Tyman’s position on dissolution is unclear. In October 2021, she called the dissolution battle a “hot mess,” but said she supported dissolution nonetheless. Since then, according to Rupert and Miller, she has waffled on the issue. 

“She talked to us in our little friend group about dissolution issues and was all about it,” Rupert said, “but now that she’s got her seat back as mayor, I don’t think that she’s for it at this point.” 

Tyman did not respond to a request for comment.

Rupert additionally alleged that Tyman improperly removed her from a seat on the village council. She told the Independent that in July, Tyman asked her to bring a letter of interest and some other documentation—including fingerprints taken at the Athens County Sheriff’s Office—in order to be appointed to a vacant seat. The fingerprints were allegedly lost shortly thereafter, which the village claimed prevented Rupert from taking her seat. But when Rupert showed up at the September meeting with new copies of her fingerprints, the council went into executive session and removed her. Posts from different parties on Facebook groups substantiate this sequence of events.

According to Rupert, Troy Township Trustee Mike Putman told councilors that the township wouldn’t help Coolville if Rupert was on the council due to personal conflict. This claim was echoed by anti-dissolution advocate Neil Cowen, who posted in a private Facebook group in September that Troy Township officials communicated to the village that “they will not do anything more for the Village until the Amy [Rupert] problem has been dealt with.”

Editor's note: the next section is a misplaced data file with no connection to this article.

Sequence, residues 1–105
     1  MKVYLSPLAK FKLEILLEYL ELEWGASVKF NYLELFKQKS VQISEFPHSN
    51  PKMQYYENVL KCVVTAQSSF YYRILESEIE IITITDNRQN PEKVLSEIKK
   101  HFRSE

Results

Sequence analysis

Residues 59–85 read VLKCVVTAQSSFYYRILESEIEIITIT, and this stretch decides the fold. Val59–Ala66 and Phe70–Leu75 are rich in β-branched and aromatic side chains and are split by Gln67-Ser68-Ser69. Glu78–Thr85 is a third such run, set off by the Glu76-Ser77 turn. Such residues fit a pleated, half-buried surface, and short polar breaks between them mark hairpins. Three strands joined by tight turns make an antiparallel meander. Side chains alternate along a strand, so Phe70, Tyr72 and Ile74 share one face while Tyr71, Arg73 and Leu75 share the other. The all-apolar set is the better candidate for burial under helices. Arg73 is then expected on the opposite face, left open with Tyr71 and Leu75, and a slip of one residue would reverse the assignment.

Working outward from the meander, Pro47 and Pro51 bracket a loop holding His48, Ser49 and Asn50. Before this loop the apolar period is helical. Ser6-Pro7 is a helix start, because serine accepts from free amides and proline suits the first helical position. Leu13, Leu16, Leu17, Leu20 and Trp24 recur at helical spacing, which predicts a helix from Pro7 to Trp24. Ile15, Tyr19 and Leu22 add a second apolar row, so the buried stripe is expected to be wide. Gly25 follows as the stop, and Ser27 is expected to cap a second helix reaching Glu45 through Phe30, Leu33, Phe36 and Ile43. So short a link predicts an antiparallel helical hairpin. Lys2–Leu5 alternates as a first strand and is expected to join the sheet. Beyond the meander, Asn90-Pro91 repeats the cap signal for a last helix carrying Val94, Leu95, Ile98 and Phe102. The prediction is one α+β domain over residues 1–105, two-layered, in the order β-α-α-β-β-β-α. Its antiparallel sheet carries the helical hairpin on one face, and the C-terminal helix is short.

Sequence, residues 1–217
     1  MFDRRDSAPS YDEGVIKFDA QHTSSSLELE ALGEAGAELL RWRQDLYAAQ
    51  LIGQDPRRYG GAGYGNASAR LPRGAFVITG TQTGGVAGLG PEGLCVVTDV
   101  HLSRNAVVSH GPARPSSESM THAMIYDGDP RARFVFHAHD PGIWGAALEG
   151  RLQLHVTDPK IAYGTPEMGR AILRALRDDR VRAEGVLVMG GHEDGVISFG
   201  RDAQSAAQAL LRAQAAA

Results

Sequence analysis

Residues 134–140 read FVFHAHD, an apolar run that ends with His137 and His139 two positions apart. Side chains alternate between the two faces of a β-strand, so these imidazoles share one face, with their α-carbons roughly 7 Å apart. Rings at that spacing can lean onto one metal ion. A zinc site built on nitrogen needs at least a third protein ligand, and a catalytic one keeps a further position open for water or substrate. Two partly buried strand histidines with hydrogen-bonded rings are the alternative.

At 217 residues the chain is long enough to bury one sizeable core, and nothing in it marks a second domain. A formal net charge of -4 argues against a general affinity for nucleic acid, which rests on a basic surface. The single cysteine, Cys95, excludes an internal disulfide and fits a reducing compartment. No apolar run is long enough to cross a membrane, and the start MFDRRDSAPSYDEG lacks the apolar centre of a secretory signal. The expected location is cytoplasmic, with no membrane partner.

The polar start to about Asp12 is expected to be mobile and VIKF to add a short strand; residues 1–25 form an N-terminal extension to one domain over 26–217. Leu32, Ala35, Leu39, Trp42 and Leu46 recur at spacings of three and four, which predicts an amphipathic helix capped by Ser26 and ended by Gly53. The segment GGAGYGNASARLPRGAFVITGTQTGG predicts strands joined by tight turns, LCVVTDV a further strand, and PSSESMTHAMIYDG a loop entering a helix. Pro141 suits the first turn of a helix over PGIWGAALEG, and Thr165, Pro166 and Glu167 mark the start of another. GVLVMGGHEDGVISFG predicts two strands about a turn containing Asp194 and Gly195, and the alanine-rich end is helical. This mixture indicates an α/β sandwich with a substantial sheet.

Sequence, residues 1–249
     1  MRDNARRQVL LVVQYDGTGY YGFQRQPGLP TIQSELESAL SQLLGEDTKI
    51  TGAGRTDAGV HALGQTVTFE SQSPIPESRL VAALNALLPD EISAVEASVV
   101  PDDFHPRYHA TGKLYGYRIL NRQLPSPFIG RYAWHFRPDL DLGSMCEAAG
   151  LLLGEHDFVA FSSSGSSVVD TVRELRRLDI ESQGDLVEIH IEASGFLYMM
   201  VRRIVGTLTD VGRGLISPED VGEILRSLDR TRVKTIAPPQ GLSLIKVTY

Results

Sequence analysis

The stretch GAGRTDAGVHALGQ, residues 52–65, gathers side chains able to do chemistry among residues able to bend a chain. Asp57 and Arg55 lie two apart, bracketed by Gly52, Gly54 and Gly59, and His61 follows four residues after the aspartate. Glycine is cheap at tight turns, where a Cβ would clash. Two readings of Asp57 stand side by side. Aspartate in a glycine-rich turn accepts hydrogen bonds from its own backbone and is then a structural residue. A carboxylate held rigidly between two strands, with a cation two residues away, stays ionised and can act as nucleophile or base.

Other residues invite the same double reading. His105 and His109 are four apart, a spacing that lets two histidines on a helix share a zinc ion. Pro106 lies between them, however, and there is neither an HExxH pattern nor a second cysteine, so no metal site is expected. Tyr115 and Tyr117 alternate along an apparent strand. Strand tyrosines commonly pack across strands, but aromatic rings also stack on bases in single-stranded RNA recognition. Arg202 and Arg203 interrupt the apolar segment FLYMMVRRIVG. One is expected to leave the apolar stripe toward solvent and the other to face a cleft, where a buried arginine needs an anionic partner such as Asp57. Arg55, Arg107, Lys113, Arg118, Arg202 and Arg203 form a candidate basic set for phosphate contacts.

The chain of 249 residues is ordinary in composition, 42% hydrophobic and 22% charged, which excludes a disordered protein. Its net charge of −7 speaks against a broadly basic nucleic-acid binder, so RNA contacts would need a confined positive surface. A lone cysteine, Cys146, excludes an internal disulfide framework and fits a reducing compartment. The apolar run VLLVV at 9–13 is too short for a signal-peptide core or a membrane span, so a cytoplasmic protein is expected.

Since then, Rupert has been active in pro-dissolution Facebook groups. Neither Putman nor the other two Troy Township trustees responded to a request for comment.

Rupert also raised questions about how village finances are handled. She alleged that village fiscal officer Jim Ford told her that he keeps financial records in a tote bag. Along with Jeremy Miller, Rupert also raised questions around the ethics of Ford serving as the fiscal officer for both the village and Troy Township. 

Audits available from the Ohio State Auditor’s office show that, for over a decade, auditors have noted significant financial irregularities and failure to comply with a plethora of state budgeting laws. Ford, a former data center operations manager at Ohio University, did not respond to a request for comment. 

Ohio village dissolutions—there have been at least 12 others since 2010—are generally prompted by financial distress, according to a January 2022 report from the Rockefeller Institute of Government at the State University of New York. In general, small village finances are so susceptible to distress that if even relatively small amounts of money are lost, they may be faced with dissolution as the most attractive option, said Lisa Parshall, a political science professor at Daemen University in New York and the author of the Rockefeller Institute report.